The Evaluation of Learner Experience in Serious Games

The Evaluation of Learner Experience in Serious Games

Laila Shoukry (Technical University of Darmstadt, Germany), Johannes Konert (Beuth University of Applied Sciences, Germany) and Stefan Göbel (Technical University of Darmstadt, Germany)
Copyright: © 2018 |Pages: 27
DOI: 10.4018/978-1-5225-4206-3.ch005

Abstract

In this chapter, the topic of evaluating learner experience in serious games is discussed with respect to four different dimensions: gaming, learning, using and context with a special focus on using multimodal data. After reviewing relevant research fields, the steps involved in a serious games evaluation process is investigated and relevant evaluation studies are reviewed with emphasis on the use of different modalities for recording and assessing in-game interactions. Finally, a theoretical framework (LeGUC) is proposed defining parameters related to the four dimensions discussed which can be observed during evaluation studies of serious games and how they relate to logged in-game interactions. The framework is based on relevant literature as well as a conducted observational user study.
Chapter Preview
Top

Introduction

As game-based learning is becoming a more and more acknowledged learning field and with the rapid advancement in digital technologies, the use of digital educational games is on the rise. In the commercial games market, some learning games like the mathematics game Dragon Box on the Apple App Store even outperform games offering pure entertainment revenue-wise (Gilbert, 2015). Such a phenomenon, although still not common, shows the potential of educational games when designed properly, be it with the need of a practical definition of the word “properly” to make this success reproduceable. With assessment being integral to any learning process, it plays an important role in digital game-based learning, especially where the time-consuming and expensive design process needs extra justification. The features which make educational games more appealing and promising than non-gaming learning environments, for instance “intrinsic motivation” and “pleasurable frustration”, are the same aspects which make their design and, more so, evaluation, a challenging task (Mitgutsch & Alvarado, 2013). The lack of consensus regarding the best approach to combining gaming and educational theories and on methods to fully capture and analyze the rich and deep interaction experience with this interdisciplinary software makes it challenging to link certain product elements to its success or failure to improve further development cycles (Khine, 2011). Looking into established evaluation techniques of non-gaming learning environments or non-educational games adds to the confusion as they do not provide tailored methods which can be directly applied to evaluate the aspects which distinguish learning games from both product categories (Loh, Sheng & Ifenthaler, 2015). The need for more insight into the serious gameplay experience is further intensified with the emergence of novel interaction paradigms and modern educational theories and landscapes accompanying the digital revolution increasingly rendering classical evaluation methods insufficient (Mirza-Babaei et al., 2014; Shoukry, Göbel & Steinmetz, 2014b; Bosch, Hall & Dame, 2015).This need for understanding naturalistic serious play experience has led to more and more research being conducted to use multimodal methods in the evaluation of serious games. A main focus of this chapter is to investigate the ways in which the field of Serious Games evaluation can benefit from multimodal methods by reviewing current trends as well as future potential. Although there are numerous reviews on Serious Games evaluation frameworks and techniques, they lack the focus on multimodality despite its many promises and challenges (Mitgutsch & Alvarado, 2013; Gee et al., 2014; Kiili et al., 2014). A main problem in providing such an overview is the variation in terminology, research background and objectives among different researchers when discussing similar topics. This can be facilitated by starting with locating this interdisciplinary research area and related terminology in the research landscape which is done in the first section of this chapter. Serious Games apply concepts of game technology in a broad application spectrum ranging from educational, training and simulation to persuasive and social impact games or games for health. In this chapter the term Serious Games will be used to refer to digital educational games, although this is one application area of Serious Games. Because of its interdisciplinarity, the evaluation of Serious Games lies in the intersection of and benefits from metrics and strategies from several different fields. Hence, it is important to review some important fields which are considerably related to this topic.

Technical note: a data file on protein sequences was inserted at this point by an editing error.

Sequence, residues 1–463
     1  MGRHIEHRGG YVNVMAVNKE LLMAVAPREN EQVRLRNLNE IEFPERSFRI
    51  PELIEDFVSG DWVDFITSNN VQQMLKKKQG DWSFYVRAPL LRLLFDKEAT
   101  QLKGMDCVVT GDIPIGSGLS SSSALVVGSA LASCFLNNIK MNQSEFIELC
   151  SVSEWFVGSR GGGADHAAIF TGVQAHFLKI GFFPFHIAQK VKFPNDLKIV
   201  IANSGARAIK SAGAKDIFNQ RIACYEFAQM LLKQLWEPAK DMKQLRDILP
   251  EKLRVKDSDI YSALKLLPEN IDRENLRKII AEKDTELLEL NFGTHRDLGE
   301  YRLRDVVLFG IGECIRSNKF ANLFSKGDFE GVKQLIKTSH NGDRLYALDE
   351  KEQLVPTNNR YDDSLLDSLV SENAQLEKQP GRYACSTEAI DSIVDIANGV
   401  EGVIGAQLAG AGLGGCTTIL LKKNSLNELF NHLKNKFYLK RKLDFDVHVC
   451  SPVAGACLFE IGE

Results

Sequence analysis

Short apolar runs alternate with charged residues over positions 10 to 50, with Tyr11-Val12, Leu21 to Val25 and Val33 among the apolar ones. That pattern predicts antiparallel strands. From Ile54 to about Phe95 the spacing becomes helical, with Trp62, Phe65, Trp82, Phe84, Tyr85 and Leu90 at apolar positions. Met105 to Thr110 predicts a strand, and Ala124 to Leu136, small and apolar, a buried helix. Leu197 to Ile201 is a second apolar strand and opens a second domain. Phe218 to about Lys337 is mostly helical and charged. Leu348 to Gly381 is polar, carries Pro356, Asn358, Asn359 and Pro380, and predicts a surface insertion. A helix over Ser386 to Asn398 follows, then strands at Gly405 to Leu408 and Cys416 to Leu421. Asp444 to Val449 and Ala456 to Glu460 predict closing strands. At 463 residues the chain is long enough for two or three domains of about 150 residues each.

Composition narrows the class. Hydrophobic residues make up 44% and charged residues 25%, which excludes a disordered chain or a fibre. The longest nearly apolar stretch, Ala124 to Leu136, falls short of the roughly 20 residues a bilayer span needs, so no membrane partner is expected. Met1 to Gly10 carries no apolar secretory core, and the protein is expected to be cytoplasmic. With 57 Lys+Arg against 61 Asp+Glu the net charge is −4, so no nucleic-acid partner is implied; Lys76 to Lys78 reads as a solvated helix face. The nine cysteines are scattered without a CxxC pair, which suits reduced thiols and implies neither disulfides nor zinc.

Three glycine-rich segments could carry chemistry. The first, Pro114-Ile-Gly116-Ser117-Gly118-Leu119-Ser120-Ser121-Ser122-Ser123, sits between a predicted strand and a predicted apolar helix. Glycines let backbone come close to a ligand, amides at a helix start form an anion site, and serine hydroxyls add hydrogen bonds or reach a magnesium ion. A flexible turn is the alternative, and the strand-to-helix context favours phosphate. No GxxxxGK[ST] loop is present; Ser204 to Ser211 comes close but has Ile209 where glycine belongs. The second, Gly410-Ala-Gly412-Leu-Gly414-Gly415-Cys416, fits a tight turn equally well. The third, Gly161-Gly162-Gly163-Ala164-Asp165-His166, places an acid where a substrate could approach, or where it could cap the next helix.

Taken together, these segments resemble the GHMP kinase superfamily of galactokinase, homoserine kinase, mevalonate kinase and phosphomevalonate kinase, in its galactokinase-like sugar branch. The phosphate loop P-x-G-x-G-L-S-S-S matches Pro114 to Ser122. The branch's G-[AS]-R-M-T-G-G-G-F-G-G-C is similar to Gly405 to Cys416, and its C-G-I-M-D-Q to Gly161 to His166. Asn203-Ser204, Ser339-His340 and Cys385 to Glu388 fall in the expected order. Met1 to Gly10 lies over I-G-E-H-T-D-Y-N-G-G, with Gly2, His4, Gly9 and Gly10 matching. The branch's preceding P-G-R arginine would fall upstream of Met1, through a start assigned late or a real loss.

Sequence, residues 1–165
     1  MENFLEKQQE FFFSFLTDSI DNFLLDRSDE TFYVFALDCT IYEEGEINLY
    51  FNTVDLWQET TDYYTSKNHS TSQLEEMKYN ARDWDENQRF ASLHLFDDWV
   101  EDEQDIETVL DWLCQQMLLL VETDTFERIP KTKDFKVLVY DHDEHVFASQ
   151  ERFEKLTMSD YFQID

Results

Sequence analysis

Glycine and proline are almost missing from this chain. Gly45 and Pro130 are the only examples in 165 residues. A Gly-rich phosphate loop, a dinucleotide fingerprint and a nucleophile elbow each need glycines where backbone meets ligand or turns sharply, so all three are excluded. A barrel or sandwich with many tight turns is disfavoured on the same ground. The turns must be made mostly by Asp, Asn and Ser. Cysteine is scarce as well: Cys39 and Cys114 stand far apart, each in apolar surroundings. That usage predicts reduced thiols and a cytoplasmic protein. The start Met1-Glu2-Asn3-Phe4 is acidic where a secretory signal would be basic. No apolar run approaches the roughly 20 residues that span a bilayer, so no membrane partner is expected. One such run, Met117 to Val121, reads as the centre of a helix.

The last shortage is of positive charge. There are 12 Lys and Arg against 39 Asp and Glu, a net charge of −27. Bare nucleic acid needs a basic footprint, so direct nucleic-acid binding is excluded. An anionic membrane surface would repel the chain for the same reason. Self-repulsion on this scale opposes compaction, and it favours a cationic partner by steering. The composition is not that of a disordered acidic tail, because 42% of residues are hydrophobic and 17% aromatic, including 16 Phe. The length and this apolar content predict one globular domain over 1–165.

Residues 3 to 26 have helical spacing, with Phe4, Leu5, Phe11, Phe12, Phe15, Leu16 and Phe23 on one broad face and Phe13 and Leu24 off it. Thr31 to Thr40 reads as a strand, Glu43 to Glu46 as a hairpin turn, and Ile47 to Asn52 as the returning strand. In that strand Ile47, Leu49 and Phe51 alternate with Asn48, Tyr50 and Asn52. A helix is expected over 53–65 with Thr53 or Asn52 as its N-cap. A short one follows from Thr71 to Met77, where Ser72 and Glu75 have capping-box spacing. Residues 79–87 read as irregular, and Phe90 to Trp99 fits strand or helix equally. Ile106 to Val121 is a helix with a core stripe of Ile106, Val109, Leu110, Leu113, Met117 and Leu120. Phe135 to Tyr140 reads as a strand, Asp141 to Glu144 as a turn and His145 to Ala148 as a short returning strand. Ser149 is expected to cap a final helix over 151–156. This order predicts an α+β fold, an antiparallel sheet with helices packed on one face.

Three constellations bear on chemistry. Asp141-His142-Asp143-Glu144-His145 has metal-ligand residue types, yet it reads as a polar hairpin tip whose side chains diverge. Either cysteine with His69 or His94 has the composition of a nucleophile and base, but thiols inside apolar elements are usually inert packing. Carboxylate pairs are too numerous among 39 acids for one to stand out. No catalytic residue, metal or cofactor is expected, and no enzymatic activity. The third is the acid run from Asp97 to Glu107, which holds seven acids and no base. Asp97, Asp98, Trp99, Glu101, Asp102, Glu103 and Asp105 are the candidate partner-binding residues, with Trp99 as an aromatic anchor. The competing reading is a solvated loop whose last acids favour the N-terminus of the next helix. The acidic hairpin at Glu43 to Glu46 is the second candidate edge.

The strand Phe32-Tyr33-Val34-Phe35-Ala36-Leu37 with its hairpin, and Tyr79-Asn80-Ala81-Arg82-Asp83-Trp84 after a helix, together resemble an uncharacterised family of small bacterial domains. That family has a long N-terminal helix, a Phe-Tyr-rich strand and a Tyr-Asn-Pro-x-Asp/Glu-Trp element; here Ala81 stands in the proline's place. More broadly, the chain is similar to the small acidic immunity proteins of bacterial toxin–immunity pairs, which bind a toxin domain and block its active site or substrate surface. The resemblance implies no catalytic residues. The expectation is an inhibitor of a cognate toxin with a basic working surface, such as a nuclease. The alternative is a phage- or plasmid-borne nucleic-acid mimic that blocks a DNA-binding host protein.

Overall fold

Complete Chapter List

Search this Book:
Reset